The informant is understood to have offered data of up to 1,500 possible tax evaders with accounts in Switzerland which could lead to €100m for state coffers.
“Everything should be done to get this data,” Merkel said at a news conference in Berlin. “We should aim to acquire this data if it is relevant (to fighting tax evasion).”
The case could ignite a fresh tax row between Germany and Switzerland. Top Swiss politicians, including
President Doris Leuthard, and bankers warned Germany against acquiring the data.
A spokesman for the German Finance Ministry said the country was in principle willing to purchase bank data on suspected tax evaders even if the information was obtained illegally.
“The decision will be based on the line that was established with the Liechtenstein case in 2008,” a spokesman said. In this case, Germany purchased stolen data from an informant about clients of Liechtenstein’s main bank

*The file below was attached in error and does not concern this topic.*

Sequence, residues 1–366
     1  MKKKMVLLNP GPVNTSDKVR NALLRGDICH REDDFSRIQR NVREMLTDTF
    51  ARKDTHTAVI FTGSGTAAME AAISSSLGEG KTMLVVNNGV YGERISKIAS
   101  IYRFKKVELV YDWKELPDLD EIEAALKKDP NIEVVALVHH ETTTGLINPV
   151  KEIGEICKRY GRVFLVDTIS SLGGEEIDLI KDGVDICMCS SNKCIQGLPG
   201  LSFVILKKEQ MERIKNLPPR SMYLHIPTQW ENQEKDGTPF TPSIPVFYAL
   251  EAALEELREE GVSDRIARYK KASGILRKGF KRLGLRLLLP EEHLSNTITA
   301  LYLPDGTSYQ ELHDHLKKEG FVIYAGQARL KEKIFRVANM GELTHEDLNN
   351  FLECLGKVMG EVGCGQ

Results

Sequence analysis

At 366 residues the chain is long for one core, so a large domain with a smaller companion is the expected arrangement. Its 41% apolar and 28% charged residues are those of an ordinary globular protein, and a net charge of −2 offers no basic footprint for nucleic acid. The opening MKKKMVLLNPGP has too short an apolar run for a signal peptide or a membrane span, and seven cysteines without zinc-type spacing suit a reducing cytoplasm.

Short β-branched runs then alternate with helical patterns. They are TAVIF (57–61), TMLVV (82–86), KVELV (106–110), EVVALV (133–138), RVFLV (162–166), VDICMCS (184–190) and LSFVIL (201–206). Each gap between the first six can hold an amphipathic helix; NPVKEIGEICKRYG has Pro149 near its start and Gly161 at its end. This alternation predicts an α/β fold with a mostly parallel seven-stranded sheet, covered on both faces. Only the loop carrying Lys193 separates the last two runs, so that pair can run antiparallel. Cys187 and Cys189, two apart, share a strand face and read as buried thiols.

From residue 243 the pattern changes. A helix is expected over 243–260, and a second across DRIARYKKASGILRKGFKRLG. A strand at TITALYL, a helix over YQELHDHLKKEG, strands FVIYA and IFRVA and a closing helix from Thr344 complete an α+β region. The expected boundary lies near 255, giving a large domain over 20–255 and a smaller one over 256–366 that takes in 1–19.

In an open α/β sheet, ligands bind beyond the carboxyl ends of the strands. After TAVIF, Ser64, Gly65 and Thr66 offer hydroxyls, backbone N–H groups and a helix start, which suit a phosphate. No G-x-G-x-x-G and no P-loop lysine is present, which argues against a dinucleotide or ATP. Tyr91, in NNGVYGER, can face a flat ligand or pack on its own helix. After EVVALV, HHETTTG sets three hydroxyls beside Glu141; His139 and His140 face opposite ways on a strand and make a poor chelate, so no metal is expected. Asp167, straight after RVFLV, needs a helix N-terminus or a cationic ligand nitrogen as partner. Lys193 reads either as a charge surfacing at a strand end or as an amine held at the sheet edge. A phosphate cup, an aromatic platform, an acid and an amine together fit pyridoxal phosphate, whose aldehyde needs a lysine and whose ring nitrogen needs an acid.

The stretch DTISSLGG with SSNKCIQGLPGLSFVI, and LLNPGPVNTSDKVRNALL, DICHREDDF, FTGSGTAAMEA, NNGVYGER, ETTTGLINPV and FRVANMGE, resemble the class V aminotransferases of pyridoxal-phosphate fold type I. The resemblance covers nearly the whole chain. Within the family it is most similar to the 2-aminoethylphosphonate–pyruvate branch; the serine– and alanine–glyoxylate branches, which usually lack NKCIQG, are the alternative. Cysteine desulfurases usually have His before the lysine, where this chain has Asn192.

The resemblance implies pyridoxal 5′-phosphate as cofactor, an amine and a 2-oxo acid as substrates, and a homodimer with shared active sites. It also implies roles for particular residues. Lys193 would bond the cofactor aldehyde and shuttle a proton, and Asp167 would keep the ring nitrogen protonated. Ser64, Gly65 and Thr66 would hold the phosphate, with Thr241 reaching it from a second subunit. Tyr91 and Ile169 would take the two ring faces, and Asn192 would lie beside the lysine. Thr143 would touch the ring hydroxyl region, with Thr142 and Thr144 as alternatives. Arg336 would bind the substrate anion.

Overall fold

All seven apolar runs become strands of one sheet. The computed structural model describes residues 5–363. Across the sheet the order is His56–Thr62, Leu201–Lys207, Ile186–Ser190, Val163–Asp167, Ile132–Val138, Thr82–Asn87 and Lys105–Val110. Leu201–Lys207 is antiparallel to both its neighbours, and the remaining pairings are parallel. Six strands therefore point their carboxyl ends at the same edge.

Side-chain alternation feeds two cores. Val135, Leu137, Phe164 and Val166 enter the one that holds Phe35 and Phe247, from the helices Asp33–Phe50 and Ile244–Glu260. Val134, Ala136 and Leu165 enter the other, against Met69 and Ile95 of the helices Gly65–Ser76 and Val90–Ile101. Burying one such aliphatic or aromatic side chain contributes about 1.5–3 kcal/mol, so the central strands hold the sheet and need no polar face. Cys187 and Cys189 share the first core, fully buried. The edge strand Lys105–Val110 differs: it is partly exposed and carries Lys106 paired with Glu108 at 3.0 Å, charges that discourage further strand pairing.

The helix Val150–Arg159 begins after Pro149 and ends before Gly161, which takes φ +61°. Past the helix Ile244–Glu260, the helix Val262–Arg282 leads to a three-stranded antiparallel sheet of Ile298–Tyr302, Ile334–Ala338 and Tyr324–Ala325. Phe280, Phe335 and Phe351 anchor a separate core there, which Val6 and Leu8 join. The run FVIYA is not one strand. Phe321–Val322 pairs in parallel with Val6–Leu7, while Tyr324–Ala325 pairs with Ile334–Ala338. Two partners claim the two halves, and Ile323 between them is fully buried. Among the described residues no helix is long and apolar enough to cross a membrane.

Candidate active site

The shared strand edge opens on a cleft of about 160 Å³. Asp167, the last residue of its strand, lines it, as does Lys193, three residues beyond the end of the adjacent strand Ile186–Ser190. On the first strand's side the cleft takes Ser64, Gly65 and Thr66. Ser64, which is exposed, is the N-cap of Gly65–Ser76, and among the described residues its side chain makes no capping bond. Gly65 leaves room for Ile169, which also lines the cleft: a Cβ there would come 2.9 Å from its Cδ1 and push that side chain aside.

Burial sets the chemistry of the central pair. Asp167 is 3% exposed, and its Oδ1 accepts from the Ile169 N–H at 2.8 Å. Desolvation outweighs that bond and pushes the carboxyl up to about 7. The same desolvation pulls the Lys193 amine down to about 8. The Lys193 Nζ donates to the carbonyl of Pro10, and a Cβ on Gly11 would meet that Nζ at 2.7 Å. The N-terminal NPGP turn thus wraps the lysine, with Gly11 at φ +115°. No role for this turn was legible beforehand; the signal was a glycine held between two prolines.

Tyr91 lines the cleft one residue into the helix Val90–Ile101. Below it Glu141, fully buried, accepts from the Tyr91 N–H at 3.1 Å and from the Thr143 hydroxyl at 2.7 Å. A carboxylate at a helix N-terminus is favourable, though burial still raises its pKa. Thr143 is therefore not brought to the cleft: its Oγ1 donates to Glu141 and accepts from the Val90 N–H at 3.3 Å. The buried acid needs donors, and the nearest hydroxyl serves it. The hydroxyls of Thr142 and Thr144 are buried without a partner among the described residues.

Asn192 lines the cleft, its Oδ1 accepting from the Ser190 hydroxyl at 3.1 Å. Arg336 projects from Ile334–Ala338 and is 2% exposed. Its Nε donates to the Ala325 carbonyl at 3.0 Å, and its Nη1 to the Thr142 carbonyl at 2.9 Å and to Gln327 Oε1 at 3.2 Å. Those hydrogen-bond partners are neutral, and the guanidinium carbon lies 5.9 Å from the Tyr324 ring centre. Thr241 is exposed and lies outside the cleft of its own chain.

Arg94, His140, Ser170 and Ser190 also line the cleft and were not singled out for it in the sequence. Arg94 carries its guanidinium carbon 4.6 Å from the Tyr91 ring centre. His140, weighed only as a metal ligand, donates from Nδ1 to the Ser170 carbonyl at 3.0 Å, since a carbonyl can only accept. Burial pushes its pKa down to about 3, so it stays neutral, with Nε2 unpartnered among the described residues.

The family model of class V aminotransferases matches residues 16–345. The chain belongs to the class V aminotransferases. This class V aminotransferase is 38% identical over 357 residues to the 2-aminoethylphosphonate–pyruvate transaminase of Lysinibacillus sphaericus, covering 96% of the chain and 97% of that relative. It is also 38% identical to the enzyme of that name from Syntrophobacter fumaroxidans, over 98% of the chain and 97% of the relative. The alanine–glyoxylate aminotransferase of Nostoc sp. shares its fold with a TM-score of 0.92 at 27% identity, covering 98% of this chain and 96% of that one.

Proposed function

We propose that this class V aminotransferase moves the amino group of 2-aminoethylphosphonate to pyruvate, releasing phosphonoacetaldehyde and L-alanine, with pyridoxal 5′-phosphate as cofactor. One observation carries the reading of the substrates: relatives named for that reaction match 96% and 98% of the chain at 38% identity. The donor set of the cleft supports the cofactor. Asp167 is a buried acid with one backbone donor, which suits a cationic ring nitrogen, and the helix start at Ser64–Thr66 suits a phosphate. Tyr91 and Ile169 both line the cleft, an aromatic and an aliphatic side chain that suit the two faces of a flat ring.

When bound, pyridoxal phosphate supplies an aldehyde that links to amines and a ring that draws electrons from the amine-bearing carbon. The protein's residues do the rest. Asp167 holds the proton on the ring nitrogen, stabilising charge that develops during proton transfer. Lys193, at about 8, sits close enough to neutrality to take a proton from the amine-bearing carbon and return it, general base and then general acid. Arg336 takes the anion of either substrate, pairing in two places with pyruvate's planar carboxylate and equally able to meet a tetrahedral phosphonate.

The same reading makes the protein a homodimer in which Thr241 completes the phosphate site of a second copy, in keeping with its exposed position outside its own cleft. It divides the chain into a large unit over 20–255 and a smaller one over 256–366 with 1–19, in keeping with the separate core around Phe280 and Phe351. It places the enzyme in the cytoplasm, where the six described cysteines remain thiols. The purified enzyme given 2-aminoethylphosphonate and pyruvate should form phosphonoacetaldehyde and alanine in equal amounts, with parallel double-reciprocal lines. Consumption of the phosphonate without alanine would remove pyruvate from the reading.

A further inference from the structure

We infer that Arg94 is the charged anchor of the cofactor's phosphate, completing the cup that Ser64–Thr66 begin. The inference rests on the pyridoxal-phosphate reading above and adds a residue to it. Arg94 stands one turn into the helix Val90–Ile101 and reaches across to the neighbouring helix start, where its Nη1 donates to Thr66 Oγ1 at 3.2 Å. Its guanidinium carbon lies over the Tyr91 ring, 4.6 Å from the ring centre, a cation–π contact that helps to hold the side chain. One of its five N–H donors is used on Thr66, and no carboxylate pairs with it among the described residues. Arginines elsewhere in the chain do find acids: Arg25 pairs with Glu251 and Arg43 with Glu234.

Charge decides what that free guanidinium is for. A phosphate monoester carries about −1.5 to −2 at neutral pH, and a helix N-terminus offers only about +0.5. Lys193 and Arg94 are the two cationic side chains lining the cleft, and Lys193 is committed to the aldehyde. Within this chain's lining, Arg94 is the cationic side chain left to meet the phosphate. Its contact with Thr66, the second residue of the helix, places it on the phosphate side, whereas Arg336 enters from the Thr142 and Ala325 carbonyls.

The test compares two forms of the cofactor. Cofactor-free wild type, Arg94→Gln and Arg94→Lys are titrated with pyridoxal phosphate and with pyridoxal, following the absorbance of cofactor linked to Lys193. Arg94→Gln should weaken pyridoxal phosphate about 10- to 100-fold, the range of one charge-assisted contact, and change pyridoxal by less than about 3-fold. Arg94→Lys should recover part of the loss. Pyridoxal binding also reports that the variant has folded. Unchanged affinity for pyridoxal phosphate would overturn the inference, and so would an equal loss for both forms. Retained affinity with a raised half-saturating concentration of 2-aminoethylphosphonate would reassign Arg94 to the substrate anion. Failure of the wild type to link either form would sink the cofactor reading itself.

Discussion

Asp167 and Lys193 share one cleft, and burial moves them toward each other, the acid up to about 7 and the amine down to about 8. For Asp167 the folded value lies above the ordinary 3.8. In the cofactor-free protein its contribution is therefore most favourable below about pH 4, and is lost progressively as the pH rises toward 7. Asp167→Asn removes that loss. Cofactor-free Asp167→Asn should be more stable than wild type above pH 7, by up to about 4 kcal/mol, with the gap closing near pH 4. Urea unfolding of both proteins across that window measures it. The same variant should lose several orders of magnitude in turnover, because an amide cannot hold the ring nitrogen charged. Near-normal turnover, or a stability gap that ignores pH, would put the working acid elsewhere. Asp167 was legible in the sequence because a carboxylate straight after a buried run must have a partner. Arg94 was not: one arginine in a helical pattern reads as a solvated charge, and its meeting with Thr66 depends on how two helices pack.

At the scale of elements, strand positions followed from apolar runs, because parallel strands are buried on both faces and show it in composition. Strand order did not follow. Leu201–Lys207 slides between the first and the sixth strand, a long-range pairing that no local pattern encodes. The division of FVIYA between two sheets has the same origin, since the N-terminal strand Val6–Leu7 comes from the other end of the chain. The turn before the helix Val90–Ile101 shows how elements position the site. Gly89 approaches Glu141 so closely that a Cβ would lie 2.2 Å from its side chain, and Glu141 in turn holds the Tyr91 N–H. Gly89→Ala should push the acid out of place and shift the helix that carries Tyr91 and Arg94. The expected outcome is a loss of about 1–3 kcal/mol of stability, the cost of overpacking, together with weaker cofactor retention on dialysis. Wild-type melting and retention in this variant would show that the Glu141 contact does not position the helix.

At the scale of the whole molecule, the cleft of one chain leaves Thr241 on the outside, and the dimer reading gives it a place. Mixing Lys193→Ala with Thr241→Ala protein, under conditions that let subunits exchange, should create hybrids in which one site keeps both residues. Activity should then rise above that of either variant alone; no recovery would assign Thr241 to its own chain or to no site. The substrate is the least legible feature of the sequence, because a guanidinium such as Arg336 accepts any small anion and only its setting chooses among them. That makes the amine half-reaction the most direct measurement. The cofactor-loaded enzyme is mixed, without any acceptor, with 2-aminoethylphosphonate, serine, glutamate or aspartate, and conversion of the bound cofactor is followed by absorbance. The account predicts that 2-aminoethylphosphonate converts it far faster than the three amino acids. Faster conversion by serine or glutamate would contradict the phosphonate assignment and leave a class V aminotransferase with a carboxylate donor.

LGT, prompting a huge investigation into tax evasion. The case snared former Deutsche Post chief Klaus
Zumwinkel, who was given a suspended jail term for evading nearly €1m in taxes using a Liechtenstein trust.
Offer said it was the responsibility of individual German states to decide what to do with such data, in cooperation with the federal government. He said the authorities were seeking to quickly clarify legal issues surrounding the case.
Shares in Swiss bank UBS were hit, chiefly due to comments by the country’s justice minister about the risk to the Swiss economy should the bank’s settlement of a US tax dispute unravel.
However, traders said fears Germany was considering buying data on bank accounts in Switzerland was also hitting the stock.